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Theater Review - Mother courage

Bold Girls movingly views Ireland's 'troubles' through female eyes

In Theatre Gael's production of Bold Girls, spunky Irish mother Nora (Joanna Daniel) tells two colorful stories about confronting soldiers of the occupying British forces. Whether they're arresting her son-in-law or threatening to trample her beloved "bamboo suite" in her living room, Nora never quails from standing toe-to-toe with uniformed troops and daring them to hit "a woman old enough to be your mother!"

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The shocking thing about Nora's tales is that the English soldiers invariably do strike her, and don't pull their punches, either. It's almost equally startling that despite the violence in the stories, Nora still repeats them as comic yarns. Something seems to be innately "Irish" about standing up to adversity and making a joke of it, even when the efforts fail.

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Rona Munro's Bold Girls follows Nora and three other women who bear up to the deprivations of Northern Ireland at the height of "the troubles" in the late 1980s. Directed by Jeanette Stinson, Bold Girls contains moments of unsteadiness, but movingly — at times, humorously — captures the feminine perspective of life during wartime.

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For different reasons, men have abandoned Nora, her daughter, Cassie (sultry Amanda Cucher) and Cassie's best friend, Marie (LeeAnna Lambert). Like many women of their generation, their husbands, fathers and brothers have either been killed or arrested. Or they've simply gone, leaving them to raise children and carry on by themselves. Widowed Marie treasures the memory of her late husband, while vivacious Cassie dreads her spouse's impending release from prison.

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The armed struggle frequently intrudes in the women's mundane attempts to work and play. An outbreak of burning buses interrupts laundry day. A raid disrupts a night out at the pub. Cassie nurses unrealistic dreams of escaping Belfast, while Nora reduces her aspirations to the bare minimum. She poignantly prizes a bit of cast-off fabric with which she hopes to redecorate: "Fifteen yards of remnant, and that'll be my front room."

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A mystery enters in the presence of an enigmatic 16-year-old girl in white (Diana Brown) who arrives dripping wet at Marie's front door. She gives her name as "Deirdre," evades direct questions and hints that she knows the other women's secrets. Is she on drugs? Is she a ghost? And why does she seem so familiar to Marie? Deirdre's monologues frequently evoke the grayness of Belfast and contain a plainspoken lyricism.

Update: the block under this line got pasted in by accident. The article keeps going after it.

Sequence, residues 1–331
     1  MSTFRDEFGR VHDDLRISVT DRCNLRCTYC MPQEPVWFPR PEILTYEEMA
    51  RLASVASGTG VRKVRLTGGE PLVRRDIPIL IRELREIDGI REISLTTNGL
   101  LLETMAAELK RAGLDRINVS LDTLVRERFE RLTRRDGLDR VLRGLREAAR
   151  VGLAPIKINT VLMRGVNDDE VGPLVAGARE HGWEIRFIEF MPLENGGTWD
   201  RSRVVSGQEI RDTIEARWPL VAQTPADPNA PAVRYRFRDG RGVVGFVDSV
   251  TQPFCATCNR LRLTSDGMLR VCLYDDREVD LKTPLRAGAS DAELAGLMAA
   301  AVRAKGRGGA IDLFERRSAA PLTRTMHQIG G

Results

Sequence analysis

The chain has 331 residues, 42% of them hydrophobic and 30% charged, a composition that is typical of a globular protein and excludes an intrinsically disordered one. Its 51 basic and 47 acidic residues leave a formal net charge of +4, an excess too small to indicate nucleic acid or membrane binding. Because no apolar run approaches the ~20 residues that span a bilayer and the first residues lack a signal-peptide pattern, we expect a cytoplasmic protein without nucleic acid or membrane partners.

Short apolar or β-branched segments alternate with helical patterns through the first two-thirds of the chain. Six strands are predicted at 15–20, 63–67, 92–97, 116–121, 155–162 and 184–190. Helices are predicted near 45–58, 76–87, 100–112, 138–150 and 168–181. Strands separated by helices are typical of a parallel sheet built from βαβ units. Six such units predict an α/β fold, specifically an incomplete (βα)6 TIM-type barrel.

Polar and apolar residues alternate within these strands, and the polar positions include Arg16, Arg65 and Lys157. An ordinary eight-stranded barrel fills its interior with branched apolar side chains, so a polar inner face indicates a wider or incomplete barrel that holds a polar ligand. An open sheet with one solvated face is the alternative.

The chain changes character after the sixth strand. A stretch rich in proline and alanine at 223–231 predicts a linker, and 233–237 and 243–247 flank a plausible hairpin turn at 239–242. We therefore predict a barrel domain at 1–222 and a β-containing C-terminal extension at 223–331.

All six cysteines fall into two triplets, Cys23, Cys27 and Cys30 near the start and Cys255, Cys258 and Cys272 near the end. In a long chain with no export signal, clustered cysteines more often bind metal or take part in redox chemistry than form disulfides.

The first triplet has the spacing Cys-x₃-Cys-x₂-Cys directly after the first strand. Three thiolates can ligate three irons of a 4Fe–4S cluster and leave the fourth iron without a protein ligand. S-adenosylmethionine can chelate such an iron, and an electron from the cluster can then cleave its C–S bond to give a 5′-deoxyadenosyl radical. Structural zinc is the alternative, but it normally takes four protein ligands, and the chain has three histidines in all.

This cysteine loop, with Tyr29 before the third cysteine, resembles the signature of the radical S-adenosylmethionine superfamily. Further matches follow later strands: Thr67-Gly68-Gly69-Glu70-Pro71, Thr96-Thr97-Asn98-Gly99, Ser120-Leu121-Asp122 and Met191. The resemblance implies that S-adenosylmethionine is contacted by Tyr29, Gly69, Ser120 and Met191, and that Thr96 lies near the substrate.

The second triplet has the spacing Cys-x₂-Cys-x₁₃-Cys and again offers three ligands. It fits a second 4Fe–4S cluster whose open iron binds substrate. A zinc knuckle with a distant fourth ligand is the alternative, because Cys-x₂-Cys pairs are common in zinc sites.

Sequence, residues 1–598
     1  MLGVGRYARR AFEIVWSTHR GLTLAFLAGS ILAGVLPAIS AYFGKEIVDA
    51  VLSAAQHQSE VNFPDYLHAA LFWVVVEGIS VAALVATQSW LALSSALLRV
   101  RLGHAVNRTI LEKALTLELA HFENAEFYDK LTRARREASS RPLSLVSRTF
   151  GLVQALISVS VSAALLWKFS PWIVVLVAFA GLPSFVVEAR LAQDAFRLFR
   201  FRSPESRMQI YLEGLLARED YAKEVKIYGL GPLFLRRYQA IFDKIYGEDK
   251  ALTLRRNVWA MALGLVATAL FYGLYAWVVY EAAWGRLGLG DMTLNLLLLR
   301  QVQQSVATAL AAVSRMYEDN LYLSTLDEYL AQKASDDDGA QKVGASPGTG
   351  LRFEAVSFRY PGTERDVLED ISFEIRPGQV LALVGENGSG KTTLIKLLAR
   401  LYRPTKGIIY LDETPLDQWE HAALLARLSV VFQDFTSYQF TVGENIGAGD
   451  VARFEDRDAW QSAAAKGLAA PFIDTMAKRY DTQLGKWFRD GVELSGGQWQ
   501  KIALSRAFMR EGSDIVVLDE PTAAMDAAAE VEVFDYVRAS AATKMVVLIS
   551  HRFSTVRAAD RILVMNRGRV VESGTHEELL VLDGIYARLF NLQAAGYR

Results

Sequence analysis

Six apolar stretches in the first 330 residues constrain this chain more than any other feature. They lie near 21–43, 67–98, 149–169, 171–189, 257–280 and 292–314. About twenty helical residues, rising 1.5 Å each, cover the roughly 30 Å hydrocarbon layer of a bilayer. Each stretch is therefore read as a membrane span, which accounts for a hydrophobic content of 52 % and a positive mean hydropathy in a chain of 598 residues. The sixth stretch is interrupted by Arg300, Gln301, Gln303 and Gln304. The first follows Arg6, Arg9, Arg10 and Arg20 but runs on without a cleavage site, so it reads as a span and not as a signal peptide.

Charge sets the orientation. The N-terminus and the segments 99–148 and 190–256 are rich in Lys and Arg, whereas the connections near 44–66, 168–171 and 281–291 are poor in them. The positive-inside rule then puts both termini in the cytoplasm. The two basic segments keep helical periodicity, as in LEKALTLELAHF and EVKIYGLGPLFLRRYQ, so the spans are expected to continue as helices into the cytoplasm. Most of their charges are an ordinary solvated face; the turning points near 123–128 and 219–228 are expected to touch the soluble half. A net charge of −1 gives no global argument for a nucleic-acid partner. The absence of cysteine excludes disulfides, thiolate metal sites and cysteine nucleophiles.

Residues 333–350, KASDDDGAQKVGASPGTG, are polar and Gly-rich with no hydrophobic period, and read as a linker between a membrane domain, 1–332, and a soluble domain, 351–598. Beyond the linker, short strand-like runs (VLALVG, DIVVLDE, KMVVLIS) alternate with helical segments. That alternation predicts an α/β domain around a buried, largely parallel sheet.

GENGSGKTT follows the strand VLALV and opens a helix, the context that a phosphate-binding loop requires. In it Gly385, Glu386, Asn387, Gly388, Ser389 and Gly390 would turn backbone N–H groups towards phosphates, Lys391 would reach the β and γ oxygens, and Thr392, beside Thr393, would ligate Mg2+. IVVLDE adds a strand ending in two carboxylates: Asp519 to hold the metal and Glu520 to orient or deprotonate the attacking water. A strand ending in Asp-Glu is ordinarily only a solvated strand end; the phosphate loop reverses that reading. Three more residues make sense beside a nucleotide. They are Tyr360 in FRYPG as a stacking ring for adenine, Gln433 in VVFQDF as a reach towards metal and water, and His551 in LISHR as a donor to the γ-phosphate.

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Brown, Cucher and Lambert's performance all capture the camaraderie and annoyance in the relationship of the heroines of Bold Girls — they get on each other's nerves, but they're all they've got. They gossip amusingly or argue about the decade's pop culture, such as the Jodie Foster movie The Accused. Otherwise, their dialogue frequently focuses on the way their men have failed them, but the play's most wrenching moments come when the women turn on each other. Just when Lambert seems almost too serene as Marie, her voice drops into an intimidating growl when she learns of an unforgivable betrayal.

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The intimate confines of the 14th Street Playhouse's third space suits the constraints and close quarters of Bold Girls' setting. Stinson's production features some awkward moments, like a mournful song that plays distractingly under one of Marie's speeches, or the physical awkwardness in Marie and Deirdre's final confrontation.

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Bold Girls feels like a bookend to plays from earlier this theatrical season. Daniel performed in Synchronicity Performance Group's Women and War, which applied similar female-oriented themes to global armed conflicts. Some graffiti on Bold Girls' set evokes Ireland's Easter uprising of 1916, dramatized by The Plough and the Stars at Theatre Gael last fall. Those shows, like Bold Girls, suggest a universal quality to warfare in Ireland and beyond: Men run up the tabs, but women ultimately pay the emotional costs.